As a way of setting an actual deadline for myself to make some progress on the Medieval Slavic wiki, I submitted an abstract to the Fifth Annual Meeting of the Slavic Linguistic Society, which follows.
The rise in scholarly materials accessible through Internet (JSTOR, SpringerLink, and/or PDFs published by individuals) has facilitated the research process for scholars worldwide. For Slavic linguists, however, many of the major reference works were published over 50 years ago, and are unavailable electronically. The success of Wikipedia as a general reference source for laypeople illustrates the potential of wikis as a way of organizing information from diverse sources. This paper aims to make the case for developing a separate wiki as a shared reference resource for Slavic linguists.
While online publication of materials lowers one barrier to access, the research process itself has largely remained the same. It is often necessary for scholars to seek out information from areas where they are less familiar with the literature. This can involve consulting a reference work and tracking the topic through bibliographies. The amount of time necessary to look up facts takes away from the time the scholar can devote to the intellectual content of their research.
A common approach to solving this problem is scanning materials. However, a tremendous amount of tedious work is involved in this process, and copyright is a nontrivial concern. A specialized wiki, compiled by Slavic linguists and Slavic linguistics graduate students, would reduce both tedium and copyright concerns, as the facts and conjectures contained within monographs and articles are not themselves subject to copyright.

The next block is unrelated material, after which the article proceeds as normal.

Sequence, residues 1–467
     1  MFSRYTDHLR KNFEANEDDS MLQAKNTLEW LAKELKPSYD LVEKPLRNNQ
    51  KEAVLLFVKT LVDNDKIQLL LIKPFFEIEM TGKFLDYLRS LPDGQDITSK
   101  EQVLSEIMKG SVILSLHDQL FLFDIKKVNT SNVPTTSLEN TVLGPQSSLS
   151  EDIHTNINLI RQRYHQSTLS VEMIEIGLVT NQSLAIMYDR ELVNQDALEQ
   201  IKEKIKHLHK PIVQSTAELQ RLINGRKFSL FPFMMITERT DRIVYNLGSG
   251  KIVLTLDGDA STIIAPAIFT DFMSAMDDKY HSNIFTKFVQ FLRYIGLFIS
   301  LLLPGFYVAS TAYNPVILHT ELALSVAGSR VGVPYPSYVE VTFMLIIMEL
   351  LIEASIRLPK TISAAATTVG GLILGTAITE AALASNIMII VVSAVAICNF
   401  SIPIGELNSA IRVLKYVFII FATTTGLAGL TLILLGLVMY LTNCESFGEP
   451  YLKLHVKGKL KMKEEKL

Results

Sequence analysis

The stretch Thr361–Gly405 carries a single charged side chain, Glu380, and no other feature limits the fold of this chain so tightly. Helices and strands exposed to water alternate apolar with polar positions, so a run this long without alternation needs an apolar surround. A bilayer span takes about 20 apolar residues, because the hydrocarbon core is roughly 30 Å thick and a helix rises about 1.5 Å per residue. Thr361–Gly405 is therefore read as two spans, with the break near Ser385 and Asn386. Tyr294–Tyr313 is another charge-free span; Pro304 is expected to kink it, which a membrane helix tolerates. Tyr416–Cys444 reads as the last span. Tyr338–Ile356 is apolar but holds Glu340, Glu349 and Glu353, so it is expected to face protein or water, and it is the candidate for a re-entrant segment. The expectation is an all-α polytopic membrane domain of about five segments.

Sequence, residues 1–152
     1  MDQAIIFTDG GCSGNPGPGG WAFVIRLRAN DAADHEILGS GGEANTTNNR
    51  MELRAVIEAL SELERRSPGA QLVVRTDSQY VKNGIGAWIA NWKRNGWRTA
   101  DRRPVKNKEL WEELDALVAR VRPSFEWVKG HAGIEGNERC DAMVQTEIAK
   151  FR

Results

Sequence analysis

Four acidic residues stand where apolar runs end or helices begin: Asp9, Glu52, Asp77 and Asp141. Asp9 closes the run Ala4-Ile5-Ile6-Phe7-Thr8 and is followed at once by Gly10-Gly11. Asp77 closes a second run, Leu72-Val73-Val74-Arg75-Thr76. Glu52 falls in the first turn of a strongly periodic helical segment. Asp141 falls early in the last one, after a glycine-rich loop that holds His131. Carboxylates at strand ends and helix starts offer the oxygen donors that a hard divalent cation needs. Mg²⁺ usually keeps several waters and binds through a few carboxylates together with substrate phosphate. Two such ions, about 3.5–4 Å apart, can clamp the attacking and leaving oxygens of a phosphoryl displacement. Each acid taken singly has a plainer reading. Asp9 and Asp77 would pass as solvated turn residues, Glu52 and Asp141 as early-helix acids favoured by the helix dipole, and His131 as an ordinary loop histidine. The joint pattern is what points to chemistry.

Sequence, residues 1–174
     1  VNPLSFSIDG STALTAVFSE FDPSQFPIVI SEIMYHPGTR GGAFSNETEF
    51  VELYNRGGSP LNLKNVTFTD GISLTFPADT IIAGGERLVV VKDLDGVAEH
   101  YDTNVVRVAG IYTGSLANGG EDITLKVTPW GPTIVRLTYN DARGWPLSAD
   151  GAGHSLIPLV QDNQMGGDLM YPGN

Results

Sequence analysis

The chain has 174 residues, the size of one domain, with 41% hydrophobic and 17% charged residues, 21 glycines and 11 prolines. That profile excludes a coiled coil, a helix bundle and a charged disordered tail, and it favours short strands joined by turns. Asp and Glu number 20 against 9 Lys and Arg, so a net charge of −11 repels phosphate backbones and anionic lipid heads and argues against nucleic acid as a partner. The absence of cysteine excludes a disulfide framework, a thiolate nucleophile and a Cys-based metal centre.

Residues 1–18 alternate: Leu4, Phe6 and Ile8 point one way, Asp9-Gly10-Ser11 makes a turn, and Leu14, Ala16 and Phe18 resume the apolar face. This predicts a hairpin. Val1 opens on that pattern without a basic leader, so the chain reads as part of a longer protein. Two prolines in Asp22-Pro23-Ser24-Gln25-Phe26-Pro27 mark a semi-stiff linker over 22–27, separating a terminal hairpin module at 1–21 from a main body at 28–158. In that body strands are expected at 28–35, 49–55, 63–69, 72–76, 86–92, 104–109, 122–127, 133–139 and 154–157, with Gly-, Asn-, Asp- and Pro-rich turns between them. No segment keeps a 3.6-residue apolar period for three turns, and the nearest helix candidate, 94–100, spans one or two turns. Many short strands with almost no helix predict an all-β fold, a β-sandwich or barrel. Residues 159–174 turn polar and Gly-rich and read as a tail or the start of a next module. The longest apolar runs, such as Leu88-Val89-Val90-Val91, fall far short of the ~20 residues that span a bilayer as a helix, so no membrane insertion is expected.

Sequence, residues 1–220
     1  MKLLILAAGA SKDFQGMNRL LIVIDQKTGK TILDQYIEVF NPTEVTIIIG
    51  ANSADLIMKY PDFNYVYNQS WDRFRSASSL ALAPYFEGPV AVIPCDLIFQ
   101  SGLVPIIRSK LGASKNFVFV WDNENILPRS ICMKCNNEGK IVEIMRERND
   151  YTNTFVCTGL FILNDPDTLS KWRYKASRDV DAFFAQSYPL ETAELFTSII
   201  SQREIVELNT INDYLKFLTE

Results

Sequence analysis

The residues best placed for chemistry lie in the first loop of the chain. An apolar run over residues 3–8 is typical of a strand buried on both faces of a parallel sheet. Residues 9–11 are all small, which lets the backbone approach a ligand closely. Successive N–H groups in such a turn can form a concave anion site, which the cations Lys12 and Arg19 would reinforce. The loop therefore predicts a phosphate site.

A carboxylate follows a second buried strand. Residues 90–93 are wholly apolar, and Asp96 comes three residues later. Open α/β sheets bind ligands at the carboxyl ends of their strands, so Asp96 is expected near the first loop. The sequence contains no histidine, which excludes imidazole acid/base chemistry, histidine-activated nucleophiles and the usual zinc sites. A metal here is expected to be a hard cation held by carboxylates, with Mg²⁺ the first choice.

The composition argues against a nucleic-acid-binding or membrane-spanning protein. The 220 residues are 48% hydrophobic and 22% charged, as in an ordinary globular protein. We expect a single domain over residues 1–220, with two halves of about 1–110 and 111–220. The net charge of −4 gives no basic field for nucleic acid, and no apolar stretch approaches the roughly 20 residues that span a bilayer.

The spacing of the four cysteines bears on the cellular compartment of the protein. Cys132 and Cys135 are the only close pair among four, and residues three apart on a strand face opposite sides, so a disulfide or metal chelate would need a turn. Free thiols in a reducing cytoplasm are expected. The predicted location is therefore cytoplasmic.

A test case is currently being developed, limited to topics relevant to medieval Slavic linguistics. The wiki contains two kinds of content: article/monograph summaries that lay out the major claims of a particular work, and topic-based pages that bring together both undisputed facts and various conflicting scholarly claims on the topic, drawn from articles and monographs. Both kinds of wiki pages include copious, specific footnotes referencing the source material both to enable fact-checking and to allow the scholar to cite the original material rather than the wiki if desired.
Mediawiki, the wiki software developed for Wikipedia also used for this test case, includes a number of features aimed to both encourage contribution and prevent abuse. Each user account comes with a page linking to that user's contributions on each of the pages where they have added (or removed) something. Even scholars without any specialized technology skills can contribute to the wiki, and include the link to their contributions on their CV to show their involvement in a digital humanities project. Every change made to a page is tracked in the database, and can be viewed, discussed, and/or reverted in cases of blatant abuse. The common graduate student assignment of writing article summaries could be redirected slightly towards writing summaries for articles not currently on the wiki, and breaking the information in those articles down into specific claims that can be added to topical pages encourages students to develop their analytic skills.
In addition to arguing for the benefits such a wiki could provide the Slavic linguistics scholarly community, this paper will present a live demonstration of the Medieval Slavic linguistics wiki.